Investment in accommodation at Kakadu in the Northern Territory is underway in a bid to drive visitors to the area as the former mining town seeks to establish itself as a sustainable tourism hub.
At Cooinda Lodge, situated in the heart of Kakadu National Park, five new luxury water villas will be introduced in early 2023, in time for the peak tourism season.
The Yellow Water Villas, located next to Kakadu’s Yellow Water Billabong, have been built on stilts to minimise any impact to the land, a key priority for the Traditional Owners, and no trees were cut down in the process.
Each fully air-conditioned villa includes a king size bed, ensuite bathroom, dining area, as well as lounge area with daybeds. On the veranda, guests can also make use of a BBQ and private bathtub. The retreats will be named after an animal native to the area and will feature personal stories from the local community.
Meanwhile, upgrades are underway at Indigenous-owned Mercure Kakadu Crocodile Hotel with more refurbishment plans in the pipeline.
The Mercure hotel, which is part of the Kakadu Tourism group and managed by Accor, is the largest hotel in the National Park and is pivotal to the local tourism industry.
“The hotel has continued to upgrade its product and services, with refurbishment of bathrooms beginning and the addition of Indigenous-designed features in bedrooms,” said Kakadu Tourism Chair, Rick Allert.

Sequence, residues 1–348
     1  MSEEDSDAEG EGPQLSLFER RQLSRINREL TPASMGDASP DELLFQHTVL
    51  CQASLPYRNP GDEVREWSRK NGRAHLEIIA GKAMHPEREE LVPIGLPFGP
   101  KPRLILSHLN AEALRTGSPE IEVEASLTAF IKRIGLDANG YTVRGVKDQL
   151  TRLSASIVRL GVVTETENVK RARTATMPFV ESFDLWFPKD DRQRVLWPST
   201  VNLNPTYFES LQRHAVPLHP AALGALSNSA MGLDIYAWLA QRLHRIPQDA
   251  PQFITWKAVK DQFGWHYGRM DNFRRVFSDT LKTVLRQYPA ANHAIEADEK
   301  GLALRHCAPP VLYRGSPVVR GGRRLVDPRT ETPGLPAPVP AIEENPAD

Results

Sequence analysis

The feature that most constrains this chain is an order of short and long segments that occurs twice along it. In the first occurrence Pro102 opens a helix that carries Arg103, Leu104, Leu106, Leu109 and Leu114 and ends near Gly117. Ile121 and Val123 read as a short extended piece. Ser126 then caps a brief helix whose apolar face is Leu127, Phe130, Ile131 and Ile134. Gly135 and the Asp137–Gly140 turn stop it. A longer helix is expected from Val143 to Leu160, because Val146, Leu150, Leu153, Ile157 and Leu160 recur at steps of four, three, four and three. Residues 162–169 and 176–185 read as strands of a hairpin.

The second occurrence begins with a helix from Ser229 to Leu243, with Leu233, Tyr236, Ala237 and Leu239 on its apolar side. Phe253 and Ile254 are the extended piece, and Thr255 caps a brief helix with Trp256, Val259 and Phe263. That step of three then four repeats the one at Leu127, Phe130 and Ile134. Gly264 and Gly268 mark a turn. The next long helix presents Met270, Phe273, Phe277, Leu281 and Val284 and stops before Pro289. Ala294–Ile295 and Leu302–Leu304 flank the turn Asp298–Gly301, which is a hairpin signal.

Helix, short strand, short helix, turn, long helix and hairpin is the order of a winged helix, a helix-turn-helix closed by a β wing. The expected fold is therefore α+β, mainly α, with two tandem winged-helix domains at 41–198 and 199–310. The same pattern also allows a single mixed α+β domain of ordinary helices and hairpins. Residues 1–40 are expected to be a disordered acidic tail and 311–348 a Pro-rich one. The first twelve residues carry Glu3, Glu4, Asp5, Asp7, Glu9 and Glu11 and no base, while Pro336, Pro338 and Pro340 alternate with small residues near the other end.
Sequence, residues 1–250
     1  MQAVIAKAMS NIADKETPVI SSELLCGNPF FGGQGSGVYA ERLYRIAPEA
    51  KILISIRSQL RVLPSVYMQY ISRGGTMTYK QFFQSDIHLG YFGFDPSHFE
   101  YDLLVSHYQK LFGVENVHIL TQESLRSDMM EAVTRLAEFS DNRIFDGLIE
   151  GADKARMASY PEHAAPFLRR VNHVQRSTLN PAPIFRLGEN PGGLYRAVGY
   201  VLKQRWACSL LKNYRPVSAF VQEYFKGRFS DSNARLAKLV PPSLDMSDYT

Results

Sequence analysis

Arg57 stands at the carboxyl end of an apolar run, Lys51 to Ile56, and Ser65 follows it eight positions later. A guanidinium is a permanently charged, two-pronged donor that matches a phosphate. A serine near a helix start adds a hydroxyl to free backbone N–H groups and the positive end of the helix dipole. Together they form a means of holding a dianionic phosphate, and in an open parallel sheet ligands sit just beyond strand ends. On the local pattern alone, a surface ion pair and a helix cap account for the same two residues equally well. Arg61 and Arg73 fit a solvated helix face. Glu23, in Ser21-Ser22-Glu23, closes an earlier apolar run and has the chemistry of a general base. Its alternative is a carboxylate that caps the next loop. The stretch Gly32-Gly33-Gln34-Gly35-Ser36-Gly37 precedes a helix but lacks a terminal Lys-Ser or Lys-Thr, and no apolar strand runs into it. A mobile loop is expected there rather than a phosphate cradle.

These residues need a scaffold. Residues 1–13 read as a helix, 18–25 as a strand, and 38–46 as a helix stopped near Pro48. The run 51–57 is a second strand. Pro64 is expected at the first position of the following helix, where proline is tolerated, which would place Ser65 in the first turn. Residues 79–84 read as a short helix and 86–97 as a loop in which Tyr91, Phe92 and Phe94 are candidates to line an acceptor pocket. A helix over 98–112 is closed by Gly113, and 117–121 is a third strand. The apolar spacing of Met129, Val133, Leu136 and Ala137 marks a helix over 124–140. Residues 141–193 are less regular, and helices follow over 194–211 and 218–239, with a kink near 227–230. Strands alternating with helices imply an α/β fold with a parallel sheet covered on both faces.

“A major solar installation is planned for the rooftop of the hotel, which will be important for sustainability, while the hotel’s interior gardens have been totally redesigned to focus on sustainable, Indigenous plants.”
Developed by the local Gagudju Association in the 1980s, the hotel is built in the shape of a 250-metre long, 30-metre-wide giant crocodile or ‘Ginga’, a spirit ancestor of the Gagudju people, and is the only crocodile-shaped hotel in the world.
Being Indigenous owned, the hotel plays an integral role in employing and supporting Indigenous businesses, Allert explained.
“We will be expanding the operations of the hotel’s Ochre Art Gallery, with an artist-in-residence program, which also enables guests to have first-hand interaction with local artists,” he said.
“We have increased our local Indigenous food and beverage procurement, supporting innovative enterprises such as Kakadu Kitchen and Yibekka Kakadu Tours to give visitors a real taste of Kakadu’s unique Indigenous culture.”
While the return of international travellers to Australia has been slow, Allert is confident that demand is there for Indigenous tourism.
“Research by Tourism Research Australia prior to the pandemic showed that interest in Indigenous tourism experiences has been growing strongly, with a 42% increase in overseas and Australian visitors taking part in an Indigenous tourism experience between 2013 and 2019,” he said.
“Kakadu is an exceptional destination for visitors who want to experience the world’s oldest continuous living civilisation, and the Mercure looks forward to sharing this remarkable cultural landscape with visitors from around the world.”
As part of a $400 million government investment in Kakadu, a new infrastructure plan has been drawn up for the town of Jabiru which will see the introduction of a state-of-the-art tourist centre established as well as a Bininj Resource Centre to support Aboriginal education and cultural preservation.
The funding has already supported the introduction of a new hybrid renewable power station in Jabiru to provide low-emissions energy for the region.